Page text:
Most metropolitan areas experience jobless rate decrease in 1998
February 05, 1999
In December 1998, 241 metropolitan areas reported lower unemployment rates than a year earlier. In 173 of the 328 U.S. metropolitan areas, unemployment rate declines equaled or exceeded the 0.4 percentage point decline in the national rate. Rocky Mount, North Carolina, had the largest over-the-year drop (-2.4 percentage points).
The next highest unemployment rate declines were experienced by New London-Norwich, Connecticut-Rhode Island (-1.9 points), and Decatur, Illinois (-1.8 points). Thirty-seven additional areas registered declines of 1.0 point or more.
At the end of 1998, the lowest unemployment rates among metropolitan areas were in Charlottesville, Virginia (1.1 percent), Columbia, Missouri (1.2 percent), and Raleigh-Durham-Chapel Hill, North Carolina, and Rochester, Minnesota (both 1.3 percent). Six of the eight areas with rates of 1.5 percent or less were in the Midwest.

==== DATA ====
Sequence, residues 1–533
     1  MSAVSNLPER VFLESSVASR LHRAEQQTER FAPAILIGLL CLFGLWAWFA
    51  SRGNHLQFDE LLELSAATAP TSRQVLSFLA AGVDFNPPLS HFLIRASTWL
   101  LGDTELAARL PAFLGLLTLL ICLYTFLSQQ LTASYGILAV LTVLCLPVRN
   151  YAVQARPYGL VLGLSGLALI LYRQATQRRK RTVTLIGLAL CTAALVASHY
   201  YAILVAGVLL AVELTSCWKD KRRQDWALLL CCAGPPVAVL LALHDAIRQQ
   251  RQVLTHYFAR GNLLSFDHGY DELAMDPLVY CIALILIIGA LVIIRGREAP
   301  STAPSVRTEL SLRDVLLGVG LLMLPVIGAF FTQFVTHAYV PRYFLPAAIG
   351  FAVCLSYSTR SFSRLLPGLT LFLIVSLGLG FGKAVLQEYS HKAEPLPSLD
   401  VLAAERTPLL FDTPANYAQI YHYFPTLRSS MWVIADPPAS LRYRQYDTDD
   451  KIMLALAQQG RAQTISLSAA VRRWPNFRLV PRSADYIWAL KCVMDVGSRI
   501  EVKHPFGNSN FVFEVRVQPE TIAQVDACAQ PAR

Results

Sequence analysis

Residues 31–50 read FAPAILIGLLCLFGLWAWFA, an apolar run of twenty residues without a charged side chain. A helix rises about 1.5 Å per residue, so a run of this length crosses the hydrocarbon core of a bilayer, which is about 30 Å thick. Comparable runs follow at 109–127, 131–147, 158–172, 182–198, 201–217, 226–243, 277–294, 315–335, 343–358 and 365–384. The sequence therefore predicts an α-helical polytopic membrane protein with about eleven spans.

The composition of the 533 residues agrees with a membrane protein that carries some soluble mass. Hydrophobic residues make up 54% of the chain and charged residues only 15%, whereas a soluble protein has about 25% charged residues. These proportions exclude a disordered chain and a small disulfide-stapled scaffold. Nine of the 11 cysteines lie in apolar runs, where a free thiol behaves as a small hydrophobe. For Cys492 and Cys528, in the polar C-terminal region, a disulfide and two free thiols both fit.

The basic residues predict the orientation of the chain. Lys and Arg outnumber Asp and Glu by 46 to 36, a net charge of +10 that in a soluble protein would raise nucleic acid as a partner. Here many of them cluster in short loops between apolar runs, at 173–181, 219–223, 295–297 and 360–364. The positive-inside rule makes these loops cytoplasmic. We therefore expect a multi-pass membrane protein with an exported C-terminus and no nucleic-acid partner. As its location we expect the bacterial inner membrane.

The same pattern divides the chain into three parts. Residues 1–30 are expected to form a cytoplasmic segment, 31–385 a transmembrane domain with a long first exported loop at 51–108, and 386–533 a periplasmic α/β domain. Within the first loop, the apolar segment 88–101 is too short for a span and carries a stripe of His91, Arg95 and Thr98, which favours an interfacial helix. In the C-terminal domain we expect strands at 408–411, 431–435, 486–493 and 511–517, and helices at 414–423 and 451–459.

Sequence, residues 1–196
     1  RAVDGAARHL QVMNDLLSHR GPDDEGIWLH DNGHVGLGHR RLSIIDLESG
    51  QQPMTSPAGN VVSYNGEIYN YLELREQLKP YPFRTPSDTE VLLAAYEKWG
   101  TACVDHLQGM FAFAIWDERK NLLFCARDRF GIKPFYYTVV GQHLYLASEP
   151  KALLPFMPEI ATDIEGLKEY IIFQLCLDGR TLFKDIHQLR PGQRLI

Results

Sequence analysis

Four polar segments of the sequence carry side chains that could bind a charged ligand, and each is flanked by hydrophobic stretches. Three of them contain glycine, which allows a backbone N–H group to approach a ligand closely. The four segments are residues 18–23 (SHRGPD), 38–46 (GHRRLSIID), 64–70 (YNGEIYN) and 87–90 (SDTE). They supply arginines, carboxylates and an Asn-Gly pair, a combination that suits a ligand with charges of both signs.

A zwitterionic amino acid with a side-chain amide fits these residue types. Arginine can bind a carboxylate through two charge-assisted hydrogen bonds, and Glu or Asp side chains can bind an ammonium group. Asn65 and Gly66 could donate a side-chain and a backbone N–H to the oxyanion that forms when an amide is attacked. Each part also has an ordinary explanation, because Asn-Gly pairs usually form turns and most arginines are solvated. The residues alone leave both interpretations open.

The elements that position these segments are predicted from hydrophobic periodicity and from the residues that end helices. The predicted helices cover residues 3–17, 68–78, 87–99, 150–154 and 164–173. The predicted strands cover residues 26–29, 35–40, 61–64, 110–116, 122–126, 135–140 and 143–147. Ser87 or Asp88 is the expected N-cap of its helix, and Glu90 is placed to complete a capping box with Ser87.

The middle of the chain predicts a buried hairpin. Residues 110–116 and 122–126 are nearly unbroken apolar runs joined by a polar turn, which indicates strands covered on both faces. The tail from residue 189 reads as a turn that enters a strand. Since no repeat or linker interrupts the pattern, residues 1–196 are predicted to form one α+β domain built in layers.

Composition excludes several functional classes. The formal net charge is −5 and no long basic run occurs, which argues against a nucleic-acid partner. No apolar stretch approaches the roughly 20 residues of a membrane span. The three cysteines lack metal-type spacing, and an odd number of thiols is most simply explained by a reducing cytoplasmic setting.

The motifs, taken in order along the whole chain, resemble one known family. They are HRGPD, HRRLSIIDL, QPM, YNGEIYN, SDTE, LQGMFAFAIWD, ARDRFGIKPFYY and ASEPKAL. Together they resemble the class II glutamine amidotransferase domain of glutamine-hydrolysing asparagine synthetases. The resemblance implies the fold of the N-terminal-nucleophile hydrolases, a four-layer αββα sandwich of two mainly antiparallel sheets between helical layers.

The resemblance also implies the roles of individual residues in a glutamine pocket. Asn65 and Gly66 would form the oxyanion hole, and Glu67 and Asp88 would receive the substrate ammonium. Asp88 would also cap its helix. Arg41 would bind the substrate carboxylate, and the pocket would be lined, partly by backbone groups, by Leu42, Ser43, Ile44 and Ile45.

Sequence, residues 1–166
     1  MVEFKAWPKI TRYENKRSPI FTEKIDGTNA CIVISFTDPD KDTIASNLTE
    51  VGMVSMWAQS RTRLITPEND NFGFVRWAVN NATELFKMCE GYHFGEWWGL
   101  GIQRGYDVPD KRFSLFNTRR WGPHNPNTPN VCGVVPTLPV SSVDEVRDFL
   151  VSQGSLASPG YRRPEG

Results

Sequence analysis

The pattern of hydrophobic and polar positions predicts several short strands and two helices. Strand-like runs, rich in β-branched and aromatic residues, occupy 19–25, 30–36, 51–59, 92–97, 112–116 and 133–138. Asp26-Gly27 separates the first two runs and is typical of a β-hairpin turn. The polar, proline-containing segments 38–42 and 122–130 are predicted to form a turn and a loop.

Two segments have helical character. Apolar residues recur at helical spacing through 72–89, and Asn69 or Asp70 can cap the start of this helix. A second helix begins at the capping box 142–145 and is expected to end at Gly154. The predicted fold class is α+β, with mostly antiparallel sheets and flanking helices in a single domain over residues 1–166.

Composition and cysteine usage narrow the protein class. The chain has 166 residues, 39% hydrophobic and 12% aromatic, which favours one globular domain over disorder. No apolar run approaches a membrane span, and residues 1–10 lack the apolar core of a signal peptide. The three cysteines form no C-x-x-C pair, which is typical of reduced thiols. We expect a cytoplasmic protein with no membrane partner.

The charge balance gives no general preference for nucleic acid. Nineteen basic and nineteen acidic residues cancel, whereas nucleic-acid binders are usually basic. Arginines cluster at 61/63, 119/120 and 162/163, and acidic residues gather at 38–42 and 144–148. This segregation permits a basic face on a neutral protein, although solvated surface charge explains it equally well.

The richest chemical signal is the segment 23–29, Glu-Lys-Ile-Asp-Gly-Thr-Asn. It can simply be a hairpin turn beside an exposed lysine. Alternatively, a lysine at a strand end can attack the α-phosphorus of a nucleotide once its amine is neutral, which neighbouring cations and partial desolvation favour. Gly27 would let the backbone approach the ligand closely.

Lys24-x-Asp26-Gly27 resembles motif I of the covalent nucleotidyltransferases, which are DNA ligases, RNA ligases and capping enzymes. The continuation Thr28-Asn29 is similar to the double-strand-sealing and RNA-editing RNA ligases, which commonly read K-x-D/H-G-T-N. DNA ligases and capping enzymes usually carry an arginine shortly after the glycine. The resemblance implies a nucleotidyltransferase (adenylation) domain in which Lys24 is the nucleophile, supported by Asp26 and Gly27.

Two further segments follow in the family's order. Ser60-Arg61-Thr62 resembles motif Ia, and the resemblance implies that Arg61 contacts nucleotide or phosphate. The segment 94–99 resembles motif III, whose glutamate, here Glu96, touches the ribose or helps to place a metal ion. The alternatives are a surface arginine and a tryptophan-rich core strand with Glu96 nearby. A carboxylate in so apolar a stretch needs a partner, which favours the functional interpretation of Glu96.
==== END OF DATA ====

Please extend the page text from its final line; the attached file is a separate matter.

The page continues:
These data are a product of the Local Area Unemployment Statistics program. More information can be found in news release USDL 99-26, "Metropolitan Area Employment and Unemployment: December 1998." Year-to-year comparisons are based on changes in not-seasonally-adjusted unemployment rates from December 1997 to December 1998.
Bureau of Labor Statistics, U.S. Department of Labor, The Economics Daily, Most metropolitan areas experience jobless rate decrease in 1998 on the Internet at http://www.bls.gov/opub/ted/1999/feb/wk1/art05.htm (visited January 31, 2015).
Three recent editions of Spotlight on Statistics
Housing: before, during, and after the Great Recession
looks at consumer expenditures on household items, employment in residential construction, prices for household items, and injuries in occupations involved in building and maintaining our homes.
Women veterans in the labor force examines the demographic, employment, and unemployment characteristics of women veterans.
BLS Statistics by Occupation provides an overview of occupational employment and wages with an emphasis on STEM jobs and occupational data by typical entry-level education required.